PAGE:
13 August 1521 Aided by European diseases and indigenous allies, Spanish conquistador Hernán Cortés captures the city of Tenochtitlan after a 93-day siege. This signals the downfall of the Aztec empire and the conquest of Mexico. 13 August 1704: English troops are triumphant at Blenheim Victory in Bavaria upsets Europe’s balanceContinue Reading

75 years ago, Britain’s control over 400 million people on the Indian subcontinent ceased. It was the beginning of the end of the British empire. On 14 August 1947, people in Pakistan proudly marked the creation of the new dominion with a ceremony in Karachi, attended by the governor-general MuhammedContinue Reading

The Sahara is known as one of the world’s hottest and driest environments, but during his explorations of the desert over the past 60 years, Martin Williams has discovered evidence of a green and pleasant history. He explains to Spencer Mizen how the area was once home to lakes, rivers,Continue Reading

While doctors in ancient Rome prescribed macabre elixirs and used dreams for diagnoses, they also made significant medical advances. Medicine in ancient Rome combined scientific knowledge with supernatural and religious beliefs. Roman doctors adopted many of the practices and philosophies of the Greek physician Hippocrates and his followers—particularly after theContinue Reading

Discover the latest new history books taking up space on our bookshelves – from memoirs and biographies to the exploits of kings, the exposure of scandals and examinations of social and cultural change. Not quite what you are looking for? Discover the best history books Unwind with the best historicalContinue Reading

There’s no more instantly recognisable symbol of ancient Egypt than a mummy. And, of course, the mummy of Tutankhamun is the most famous of all. But what can we learn from looking at the mummified body of an ancient boy king? In episode 6 of our series on Tutankhamun, EllieContinue Reading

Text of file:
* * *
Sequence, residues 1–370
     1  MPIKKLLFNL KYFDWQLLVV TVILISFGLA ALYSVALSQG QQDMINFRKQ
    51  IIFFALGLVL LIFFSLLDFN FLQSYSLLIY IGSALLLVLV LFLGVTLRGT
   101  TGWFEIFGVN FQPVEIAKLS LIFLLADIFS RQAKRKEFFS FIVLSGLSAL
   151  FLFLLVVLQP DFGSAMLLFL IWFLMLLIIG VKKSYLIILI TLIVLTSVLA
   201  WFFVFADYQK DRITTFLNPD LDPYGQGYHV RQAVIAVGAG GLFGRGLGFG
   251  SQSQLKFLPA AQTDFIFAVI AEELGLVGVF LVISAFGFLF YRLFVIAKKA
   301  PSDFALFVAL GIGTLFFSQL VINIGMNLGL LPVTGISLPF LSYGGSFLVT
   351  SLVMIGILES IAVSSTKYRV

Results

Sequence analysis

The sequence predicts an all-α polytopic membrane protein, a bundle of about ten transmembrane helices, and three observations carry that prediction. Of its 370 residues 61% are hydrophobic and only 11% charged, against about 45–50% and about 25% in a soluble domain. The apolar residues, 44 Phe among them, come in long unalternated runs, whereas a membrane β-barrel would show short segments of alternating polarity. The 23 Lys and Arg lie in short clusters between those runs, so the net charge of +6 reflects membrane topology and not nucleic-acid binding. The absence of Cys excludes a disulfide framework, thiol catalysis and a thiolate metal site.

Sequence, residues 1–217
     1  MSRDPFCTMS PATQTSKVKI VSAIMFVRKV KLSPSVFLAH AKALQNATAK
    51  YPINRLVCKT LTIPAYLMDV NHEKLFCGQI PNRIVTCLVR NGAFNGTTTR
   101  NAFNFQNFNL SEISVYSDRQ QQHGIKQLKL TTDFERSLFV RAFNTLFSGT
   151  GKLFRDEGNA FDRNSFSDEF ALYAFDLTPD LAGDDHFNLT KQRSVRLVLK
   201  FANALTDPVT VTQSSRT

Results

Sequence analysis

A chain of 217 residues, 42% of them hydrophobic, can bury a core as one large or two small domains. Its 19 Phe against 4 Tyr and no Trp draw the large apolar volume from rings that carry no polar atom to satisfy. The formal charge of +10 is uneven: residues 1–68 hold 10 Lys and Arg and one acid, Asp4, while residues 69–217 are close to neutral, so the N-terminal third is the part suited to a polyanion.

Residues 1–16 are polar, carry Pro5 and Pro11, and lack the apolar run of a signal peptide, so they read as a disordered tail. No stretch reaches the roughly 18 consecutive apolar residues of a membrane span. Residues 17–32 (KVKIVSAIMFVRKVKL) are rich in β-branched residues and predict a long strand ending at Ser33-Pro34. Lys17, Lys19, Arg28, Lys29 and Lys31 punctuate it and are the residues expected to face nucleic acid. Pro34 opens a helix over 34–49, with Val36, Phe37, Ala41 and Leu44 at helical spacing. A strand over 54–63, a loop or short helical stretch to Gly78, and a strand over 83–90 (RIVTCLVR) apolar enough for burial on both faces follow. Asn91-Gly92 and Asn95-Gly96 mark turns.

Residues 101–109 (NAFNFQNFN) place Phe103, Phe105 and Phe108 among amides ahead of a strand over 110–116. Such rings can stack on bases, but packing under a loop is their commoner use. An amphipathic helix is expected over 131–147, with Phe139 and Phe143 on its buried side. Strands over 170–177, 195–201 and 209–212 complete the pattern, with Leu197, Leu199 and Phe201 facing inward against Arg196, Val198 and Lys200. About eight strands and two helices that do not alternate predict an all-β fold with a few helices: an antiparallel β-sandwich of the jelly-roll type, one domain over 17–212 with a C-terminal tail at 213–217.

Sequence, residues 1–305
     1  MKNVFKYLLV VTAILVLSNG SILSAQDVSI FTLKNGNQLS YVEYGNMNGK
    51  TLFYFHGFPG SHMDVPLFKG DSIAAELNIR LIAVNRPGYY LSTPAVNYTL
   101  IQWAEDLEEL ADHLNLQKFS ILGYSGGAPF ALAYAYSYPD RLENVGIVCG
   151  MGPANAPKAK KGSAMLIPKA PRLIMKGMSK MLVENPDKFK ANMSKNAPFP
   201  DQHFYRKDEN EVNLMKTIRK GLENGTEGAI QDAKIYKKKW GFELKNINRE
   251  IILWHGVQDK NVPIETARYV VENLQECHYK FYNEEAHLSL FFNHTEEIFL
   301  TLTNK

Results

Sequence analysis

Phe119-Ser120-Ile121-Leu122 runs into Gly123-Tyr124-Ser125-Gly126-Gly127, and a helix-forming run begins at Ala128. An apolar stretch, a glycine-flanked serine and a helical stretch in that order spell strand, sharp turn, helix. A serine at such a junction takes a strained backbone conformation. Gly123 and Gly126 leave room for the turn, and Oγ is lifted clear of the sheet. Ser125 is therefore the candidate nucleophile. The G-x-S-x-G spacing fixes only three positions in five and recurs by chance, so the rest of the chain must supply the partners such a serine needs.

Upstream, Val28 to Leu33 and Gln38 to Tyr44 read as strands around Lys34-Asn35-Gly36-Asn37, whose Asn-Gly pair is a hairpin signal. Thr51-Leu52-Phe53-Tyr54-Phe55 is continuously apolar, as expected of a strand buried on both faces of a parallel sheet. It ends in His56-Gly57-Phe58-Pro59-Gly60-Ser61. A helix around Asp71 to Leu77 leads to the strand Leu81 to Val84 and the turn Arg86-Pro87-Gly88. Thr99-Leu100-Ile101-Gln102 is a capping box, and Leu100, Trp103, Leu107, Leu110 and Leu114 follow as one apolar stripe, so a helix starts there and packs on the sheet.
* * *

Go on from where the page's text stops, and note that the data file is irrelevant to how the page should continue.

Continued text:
Jaime Escalante’s success preparing mostly low-income, minority students for the AP calculus exam was the subject of the movie “Stand and Deliver.” Recently, I turned 60 years old (also expressed as 720 months, or 21,915 days, or 525,960 hours, or 31,557,600 minutes), and over that time I’ve seen many greatContinue Reading

As the wife of Charles I, Henrietta Maria, was in the firing line of the parliamentary propaganda machine. The Stuart queen was known as the “popish brat of France”, a “whore” and “the wife who wore the britches”. But does she deserve this rotten reputation? Emily Briffett spoke to LeandaContinue Reading

The once-great empire was slowly brought to its knees by a centuries-long drought, economic crises and opportunistic foreign invaders. Ancient Egyptian civilization reached the peak of its power, wealth and influence in the New Kingdom period (1550 to 1070 B.C.), during the reigns of iconic pharaohs like Tutankhamun, Thutmose IIIContinue Reading